Revolt of the Elites
Bernard Harcourt has analyzed new forms of radicalism adopted by the most and least privileged. Umair Haque at the Harvard Business Review has also identified dispositions shared by street looters and certain elites. As the chief political commentator at London’s Daily Telegraph has observed, “The moral decay of our society is as bad at the top as the bottom.” Yet there are very different consequences for each group’s transgressions.
The more disruptive the disenfranchised become, the more they provoke harsh responses from authorities, thus worsening their already marginal position. By contrast, finance and government elites have positioned themselves to gain from whatever risks they shift onto society at large, via bailouts, emergency powers, and the revolving door. As Ross Douthat observed, “The economic crisis is producing consolidation rather than revolution, the entrenchment of authority rather than its diffusion, and the concentration of power in the hands of the same elite that presided over the disasters in the first place.”
Rather than being grateful for public subvention, Wall Street demands even lower tax rates and less monitoring. At least in the US, this “revolt of the elites” is more of a menace to social order than the type of mass protests against inequality and corruption now sweeping India, Israel, Spain, Chile, and many other countries. Whereas the poor are swiftly punished for disruptions, the worried wealthy‘s initiatives for not-so-creative destruction are self-reinforcing.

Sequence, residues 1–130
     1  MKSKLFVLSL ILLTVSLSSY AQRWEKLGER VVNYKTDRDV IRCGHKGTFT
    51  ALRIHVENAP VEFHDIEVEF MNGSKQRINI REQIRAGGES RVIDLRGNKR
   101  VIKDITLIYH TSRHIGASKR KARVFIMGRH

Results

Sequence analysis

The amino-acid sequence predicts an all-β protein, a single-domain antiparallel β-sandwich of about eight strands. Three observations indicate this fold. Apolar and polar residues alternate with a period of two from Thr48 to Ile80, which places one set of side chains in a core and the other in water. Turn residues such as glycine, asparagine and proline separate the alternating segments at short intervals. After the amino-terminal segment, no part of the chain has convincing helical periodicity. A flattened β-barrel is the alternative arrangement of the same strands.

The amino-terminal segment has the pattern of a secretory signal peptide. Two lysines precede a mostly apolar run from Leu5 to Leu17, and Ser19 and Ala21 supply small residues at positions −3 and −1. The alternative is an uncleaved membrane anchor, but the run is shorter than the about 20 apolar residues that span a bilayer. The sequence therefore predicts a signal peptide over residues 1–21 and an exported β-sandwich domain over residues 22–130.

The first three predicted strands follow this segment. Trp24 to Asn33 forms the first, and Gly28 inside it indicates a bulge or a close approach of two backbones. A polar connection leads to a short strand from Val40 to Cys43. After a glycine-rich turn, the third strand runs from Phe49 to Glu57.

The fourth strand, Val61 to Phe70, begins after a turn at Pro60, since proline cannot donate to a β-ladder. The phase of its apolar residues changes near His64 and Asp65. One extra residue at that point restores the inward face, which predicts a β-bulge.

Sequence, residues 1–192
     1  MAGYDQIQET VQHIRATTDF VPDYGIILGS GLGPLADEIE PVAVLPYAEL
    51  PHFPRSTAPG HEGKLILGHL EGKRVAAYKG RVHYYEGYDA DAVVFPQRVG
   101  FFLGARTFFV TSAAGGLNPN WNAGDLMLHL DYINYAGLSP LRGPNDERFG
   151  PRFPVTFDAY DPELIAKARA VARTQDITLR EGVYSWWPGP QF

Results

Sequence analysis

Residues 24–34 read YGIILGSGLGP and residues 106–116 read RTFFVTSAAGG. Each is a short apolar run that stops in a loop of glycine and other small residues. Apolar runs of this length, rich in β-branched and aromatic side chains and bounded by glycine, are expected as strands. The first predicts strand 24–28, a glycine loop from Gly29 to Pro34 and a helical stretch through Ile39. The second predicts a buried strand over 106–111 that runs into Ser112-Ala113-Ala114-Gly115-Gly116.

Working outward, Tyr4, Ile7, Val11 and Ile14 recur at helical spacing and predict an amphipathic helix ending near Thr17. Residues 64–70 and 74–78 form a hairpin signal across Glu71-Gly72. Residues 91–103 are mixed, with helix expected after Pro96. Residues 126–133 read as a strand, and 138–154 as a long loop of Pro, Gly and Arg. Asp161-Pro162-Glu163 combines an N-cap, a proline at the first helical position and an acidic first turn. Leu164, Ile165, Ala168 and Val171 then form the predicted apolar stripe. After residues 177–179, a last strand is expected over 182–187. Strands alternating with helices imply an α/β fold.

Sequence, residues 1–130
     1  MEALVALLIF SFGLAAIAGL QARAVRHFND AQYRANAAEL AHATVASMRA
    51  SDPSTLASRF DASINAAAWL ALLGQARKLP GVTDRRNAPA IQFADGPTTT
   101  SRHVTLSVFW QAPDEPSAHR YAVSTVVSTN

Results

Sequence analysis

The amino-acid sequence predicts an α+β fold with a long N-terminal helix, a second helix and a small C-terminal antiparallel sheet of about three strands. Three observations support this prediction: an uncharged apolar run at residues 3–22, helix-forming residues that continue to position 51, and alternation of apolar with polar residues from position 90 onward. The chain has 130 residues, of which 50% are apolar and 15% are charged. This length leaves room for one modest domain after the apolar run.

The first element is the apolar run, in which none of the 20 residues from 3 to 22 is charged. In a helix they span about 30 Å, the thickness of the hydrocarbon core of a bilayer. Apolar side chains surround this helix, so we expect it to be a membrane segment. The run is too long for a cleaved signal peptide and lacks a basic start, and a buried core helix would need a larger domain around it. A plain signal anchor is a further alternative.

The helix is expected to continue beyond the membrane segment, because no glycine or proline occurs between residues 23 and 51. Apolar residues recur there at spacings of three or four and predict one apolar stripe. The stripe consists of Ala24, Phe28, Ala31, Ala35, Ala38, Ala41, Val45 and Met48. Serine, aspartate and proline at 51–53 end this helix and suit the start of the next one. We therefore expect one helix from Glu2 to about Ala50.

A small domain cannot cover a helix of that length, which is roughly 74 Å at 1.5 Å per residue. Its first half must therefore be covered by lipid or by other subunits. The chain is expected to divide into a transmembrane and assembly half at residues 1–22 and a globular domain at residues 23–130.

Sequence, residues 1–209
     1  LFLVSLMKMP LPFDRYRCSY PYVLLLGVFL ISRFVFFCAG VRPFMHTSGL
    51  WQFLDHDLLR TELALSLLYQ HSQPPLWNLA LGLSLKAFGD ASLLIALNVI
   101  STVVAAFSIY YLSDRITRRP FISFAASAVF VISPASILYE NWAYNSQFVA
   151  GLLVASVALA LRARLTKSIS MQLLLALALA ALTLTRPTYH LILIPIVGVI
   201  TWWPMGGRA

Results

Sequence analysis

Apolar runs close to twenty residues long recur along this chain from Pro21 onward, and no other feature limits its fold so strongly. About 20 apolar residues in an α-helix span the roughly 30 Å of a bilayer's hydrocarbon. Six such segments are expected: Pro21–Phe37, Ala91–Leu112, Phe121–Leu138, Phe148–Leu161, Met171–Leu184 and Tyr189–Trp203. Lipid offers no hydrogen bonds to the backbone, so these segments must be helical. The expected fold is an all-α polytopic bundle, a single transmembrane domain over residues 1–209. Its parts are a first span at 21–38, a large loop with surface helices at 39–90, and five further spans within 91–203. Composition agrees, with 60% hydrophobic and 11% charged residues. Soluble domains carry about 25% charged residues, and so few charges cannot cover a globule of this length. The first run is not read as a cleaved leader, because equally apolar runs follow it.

1) From risk shift to capital strike: Jacob Hacker’s book The Great Risk Shift described forty years of policies designed to shift risk away from corporations and government and onto individuals. For millions of workers, 401(k) plans replaced defined benefit pensions. In 1979, 82% of impoverished families got TANF benefits; thirty years later, only 27% do. During the Bush Administration, there was even a vogue for “health savings accounts” to replace defined health benefits. Current GOP presidential contenders are upping the ante, attacking Medicare and Social Security, and proposing the replacement of traditional unemployment insurance with “personal accounts.” These policies and proposals all shift the risk of sudden accidents, a frail old age, child poverty, and economic slumps onto the vulnerable themselves, rather than their employers, or the larger polity.